Commissioned by One Raffles Quay Pte Ltd
First of all Capture Asia would like to wish everyone a very prosperous Chinese New Year, wish everyone good health and great success in 2013. *HUGS*
What’s happening in Jan 2013, here is a quick update of some photography work commissioned by clients and personal work accumulated.
Chinese Guardian Lions
Also, since is 14th Feb today. Wish all lovers, couples, married one a very wonder Valentine’s Day. Each second counts, treasure every single moment.
Ricky Gui (Founder of Capture Asia)
Last week i was doing my research and browsing some excellent photo books in national library. I came across a book by Harold Mante, title Serial Photography. The book cover has a series of cars covered with cover against various interesting background. I thought that was really interesting, so i pick it up to study it. Immediately i realized it was similar to some of my past projects i did before!
What is serial photography? Serial photography is shooting a collective amount of similar designated subject with different environment setting, colors and lighting. A long process which is a great way to train your eyes to observe particular interesting subject to focus at. What you focus on is what you going to get.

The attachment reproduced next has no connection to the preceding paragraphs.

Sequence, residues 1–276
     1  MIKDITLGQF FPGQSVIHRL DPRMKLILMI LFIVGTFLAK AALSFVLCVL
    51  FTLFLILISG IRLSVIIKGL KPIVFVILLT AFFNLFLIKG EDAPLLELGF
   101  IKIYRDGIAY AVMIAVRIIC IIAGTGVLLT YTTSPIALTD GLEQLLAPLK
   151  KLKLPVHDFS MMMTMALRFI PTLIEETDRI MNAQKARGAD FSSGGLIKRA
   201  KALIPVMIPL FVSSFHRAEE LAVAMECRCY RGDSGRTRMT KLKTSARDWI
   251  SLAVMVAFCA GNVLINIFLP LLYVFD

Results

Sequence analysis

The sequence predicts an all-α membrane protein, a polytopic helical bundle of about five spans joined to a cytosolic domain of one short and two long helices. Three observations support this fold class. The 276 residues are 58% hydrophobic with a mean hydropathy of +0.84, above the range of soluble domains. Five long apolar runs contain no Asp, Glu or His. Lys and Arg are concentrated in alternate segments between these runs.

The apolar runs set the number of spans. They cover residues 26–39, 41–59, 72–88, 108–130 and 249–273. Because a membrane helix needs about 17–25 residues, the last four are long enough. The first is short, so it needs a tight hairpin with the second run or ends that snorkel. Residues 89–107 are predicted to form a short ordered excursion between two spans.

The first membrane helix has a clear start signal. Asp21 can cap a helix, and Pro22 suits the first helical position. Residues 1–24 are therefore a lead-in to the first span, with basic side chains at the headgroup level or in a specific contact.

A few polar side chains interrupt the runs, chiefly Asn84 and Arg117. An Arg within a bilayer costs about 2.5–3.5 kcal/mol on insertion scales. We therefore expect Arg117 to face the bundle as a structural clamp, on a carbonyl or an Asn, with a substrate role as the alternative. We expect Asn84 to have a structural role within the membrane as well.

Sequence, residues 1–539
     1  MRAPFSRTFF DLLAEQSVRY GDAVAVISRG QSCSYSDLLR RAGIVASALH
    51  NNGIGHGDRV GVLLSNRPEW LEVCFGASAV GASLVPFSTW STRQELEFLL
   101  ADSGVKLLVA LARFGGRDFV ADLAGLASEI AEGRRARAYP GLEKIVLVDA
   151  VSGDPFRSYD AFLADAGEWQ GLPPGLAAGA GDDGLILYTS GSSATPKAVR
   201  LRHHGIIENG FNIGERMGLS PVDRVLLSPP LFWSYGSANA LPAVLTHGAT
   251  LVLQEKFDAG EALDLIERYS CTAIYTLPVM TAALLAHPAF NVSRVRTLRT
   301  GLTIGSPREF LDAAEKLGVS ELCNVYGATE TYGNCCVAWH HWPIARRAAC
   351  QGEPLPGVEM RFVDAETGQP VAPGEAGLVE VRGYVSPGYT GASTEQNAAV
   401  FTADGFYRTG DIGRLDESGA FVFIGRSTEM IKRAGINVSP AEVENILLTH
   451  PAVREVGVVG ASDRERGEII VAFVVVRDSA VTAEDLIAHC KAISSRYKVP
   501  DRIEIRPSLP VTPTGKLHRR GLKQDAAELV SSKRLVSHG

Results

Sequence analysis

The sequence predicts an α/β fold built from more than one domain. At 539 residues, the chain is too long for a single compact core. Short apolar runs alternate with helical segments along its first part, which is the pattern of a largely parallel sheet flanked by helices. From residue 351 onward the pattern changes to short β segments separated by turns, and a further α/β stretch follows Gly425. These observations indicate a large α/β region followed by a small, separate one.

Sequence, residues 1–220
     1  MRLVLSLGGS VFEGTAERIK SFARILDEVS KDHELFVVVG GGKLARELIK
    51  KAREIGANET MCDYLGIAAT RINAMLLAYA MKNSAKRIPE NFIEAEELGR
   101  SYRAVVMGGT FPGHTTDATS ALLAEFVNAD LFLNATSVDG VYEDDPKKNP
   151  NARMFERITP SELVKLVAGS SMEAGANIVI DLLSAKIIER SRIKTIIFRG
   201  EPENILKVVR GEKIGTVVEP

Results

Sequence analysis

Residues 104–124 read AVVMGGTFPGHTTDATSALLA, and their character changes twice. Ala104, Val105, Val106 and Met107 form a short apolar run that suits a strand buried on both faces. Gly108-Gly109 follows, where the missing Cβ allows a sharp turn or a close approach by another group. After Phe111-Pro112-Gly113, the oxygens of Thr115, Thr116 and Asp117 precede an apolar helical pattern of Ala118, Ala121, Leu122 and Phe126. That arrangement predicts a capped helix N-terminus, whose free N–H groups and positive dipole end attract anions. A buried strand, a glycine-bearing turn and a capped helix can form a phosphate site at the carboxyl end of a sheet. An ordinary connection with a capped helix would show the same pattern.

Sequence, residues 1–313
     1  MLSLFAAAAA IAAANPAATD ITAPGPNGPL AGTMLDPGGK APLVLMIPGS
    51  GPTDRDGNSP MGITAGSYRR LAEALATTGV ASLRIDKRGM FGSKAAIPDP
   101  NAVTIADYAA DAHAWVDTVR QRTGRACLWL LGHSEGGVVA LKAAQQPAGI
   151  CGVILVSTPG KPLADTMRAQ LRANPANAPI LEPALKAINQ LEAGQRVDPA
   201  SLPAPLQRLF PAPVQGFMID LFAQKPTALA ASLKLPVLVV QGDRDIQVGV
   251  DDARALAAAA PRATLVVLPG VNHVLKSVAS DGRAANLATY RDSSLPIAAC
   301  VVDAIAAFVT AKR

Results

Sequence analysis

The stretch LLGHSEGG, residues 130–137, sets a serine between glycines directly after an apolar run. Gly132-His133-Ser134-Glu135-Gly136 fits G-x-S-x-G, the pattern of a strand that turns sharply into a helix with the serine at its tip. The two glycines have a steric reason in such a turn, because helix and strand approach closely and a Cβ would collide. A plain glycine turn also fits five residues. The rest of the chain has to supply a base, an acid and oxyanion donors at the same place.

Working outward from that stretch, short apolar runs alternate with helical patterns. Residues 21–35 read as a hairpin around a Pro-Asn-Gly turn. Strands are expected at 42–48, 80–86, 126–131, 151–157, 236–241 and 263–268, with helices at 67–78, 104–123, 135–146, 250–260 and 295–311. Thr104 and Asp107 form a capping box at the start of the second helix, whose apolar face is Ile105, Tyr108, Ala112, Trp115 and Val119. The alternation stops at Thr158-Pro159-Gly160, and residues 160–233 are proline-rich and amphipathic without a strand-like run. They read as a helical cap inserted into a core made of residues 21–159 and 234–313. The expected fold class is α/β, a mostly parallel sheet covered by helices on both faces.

One can shoot a serial of photographs for example – window, signboard, sky, everyday scene from a fixed spot at a fixed timing, monthly self portrait for years etc. Get the drift, it could be anything that is within your creative mind, is a boundless flow of process to work on.
Let me share with you a project i documented in Singapore for 2 years, i name it Hidden Door Is a series of colorful and vibrant images in the back street of shop houses around the country. Wandering and exploring is fun for me, especially the back street of shophouses in Singapore, where not many locals would want to venture into, less the tourists. I used to call it “series of images” rather than “Serial” until Harold Mante name it as “Serial Photography”.
Below is another series of serial photography i do in Singapore when i first started doing documentation around Singapore, I was attracted by the distinct design of bulb fusion with various element to beautify it. At the same time creating a light source to light up the frontage or act as a guiding path to walk safely in the dim. No one hardly look up, one day i looked up, and the rest is history. Hence the name of project is Illumination.
For starters who got no general idea of what to shoot. Perhaps you can consider serial photography. Hope you like it.